Turning an open source software project into a commercial-grade product is no easy task, but it is something that is valuable and that enterprises will pay for, and hence Simmen, Borkar, and their co-founder Steven Mih are doing just that.

One of the first orders of business for Ahana, aside from just launching, was to get PrestoDB running natively on the public clouds, and the most obvious place to start is with Amazon Web Services. The company previewed its Ahana Cloud for Presto running on AWS back in September, and it is just becoming available now as a production-grade federated database layer. Presto is available with metered pricing, obviously, and scales with the amount of compute, memory, and storage inherent in the AWS instance, with prices ranging from 6 cents to 67.5 cents per minute, depending. If you run it across ten r5.xlarge instances, which have four vCPUs and 32 GB of main memory each, during the 20 workdays in a month, you are in for a mere $256 per month. Many people have Starbucks habits that large, so this is not much money at all.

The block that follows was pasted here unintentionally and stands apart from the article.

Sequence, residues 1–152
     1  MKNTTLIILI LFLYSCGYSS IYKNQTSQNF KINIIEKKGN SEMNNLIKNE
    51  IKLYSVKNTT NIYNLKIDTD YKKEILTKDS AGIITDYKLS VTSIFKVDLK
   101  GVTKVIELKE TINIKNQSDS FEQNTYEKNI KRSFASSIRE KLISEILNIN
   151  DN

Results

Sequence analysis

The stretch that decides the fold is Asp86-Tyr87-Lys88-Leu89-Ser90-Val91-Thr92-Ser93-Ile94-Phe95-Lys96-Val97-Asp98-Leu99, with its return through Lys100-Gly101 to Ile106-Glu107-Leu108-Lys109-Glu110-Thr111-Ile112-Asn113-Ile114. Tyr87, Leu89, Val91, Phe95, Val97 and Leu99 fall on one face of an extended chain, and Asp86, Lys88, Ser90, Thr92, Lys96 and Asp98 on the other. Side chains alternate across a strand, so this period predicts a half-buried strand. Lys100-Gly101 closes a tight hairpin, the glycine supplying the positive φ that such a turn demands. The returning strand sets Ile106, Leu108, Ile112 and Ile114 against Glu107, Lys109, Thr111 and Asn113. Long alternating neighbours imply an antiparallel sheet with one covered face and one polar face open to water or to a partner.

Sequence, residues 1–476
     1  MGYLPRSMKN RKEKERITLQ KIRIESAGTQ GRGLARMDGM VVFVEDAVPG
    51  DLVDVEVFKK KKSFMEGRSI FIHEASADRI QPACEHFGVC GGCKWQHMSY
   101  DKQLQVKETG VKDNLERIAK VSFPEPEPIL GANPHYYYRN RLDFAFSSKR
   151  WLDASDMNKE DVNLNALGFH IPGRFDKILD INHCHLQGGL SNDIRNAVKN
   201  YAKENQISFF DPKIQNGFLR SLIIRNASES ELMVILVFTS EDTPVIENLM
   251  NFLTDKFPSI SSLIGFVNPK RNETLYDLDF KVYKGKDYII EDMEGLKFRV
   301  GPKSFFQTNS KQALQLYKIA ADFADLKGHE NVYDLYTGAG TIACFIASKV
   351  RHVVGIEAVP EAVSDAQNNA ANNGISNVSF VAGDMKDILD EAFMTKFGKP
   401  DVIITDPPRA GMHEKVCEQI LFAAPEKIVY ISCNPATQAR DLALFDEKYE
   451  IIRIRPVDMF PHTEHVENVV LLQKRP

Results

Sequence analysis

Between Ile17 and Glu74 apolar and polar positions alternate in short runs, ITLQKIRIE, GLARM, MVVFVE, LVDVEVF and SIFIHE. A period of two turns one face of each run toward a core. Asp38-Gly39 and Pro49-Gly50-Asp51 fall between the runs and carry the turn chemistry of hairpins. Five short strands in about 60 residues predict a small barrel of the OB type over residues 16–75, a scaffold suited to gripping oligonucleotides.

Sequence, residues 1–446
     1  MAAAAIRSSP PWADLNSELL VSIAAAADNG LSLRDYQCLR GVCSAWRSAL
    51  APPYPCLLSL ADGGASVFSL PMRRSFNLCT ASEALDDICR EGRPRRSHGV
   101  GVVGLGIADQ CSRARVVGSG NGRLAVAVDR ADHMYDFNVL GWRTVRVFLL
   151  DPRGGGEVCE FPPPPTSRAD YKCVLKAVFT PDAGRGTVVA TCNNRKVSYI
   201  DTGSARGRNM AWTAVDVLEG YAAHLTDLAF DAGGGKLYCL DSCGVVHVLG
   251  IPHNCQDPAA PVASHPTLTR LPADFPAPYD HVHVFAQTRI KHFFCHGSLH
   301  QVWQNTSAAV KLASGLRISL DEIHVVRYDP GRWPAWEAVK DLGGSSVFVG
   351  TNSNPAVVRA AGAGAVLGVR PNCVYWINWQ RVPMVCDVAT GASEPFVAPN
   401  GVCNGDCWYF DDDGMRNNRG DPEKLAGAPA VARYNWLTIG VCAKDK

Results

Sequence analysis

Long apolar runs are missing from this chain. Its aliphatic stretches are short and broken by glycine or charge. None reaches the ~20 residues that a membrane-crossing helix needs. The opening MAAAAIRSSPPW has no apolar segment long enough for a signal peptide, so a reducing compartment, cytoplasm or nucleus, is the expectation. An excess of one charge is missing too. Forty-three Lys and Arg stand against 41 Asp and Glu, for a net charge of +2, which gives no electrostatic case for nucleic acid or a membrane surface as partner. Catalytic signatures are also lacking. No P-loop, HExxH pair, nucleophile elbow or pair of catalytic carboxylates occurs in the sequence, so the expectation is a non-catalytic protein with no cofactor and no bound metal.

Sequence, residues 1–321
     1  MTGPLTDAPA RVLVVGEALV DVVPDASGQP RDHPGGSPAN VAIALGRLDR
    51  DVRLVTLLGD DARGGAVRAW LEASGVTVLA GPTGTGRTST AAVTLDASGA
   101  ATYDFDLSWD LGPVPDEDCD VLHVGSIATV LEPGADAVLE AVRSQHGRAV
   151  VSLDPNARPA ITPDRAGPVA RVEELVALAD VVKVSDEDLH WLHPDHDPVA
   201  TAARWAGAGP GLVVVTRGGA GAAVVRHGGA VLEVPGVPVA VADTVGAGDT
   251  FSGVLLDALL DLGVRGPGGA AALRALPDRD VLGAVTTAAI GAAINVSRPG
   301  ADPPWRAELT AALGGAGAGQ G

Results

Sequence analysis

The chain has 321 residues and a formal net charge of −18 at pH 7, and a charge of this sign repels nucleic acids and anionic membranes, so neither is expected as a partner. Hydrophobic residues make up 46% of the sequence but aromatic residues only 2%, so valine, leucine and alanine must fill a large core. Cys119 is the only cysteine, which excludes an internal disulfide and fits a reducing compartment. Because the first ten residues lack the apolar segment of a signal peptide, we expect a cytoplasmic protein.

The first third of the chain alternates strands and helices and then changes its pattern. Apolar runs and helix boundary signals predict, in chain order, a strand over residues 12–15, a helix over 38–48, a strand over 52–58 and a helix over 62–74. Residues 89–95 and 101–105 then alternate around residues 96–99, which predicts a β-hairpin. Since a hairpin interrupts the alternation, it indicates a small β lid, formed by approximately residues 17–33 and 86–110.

It will be interesting to see just how large these federated, virtualized PrestoDB databases will be on the cloud and if they will be used to extract data from on-premises databases as well as from databases running natively on the cloud. Depending on how the data is staged – perhaps even using Alluxio, which Borkar and Mih worked on before founding Ahana. What we know for sure, given the success that Snowflake has had both in raising money and in generating revenues and adding customers is that there is definitely an appetite for cloud native, fully integrated, managed database services running in the public cloud. The benefit of PrestoDB is that you are not locked into any particular cloud in the long run – we presume it will eventually support all the major clouds as a managed service.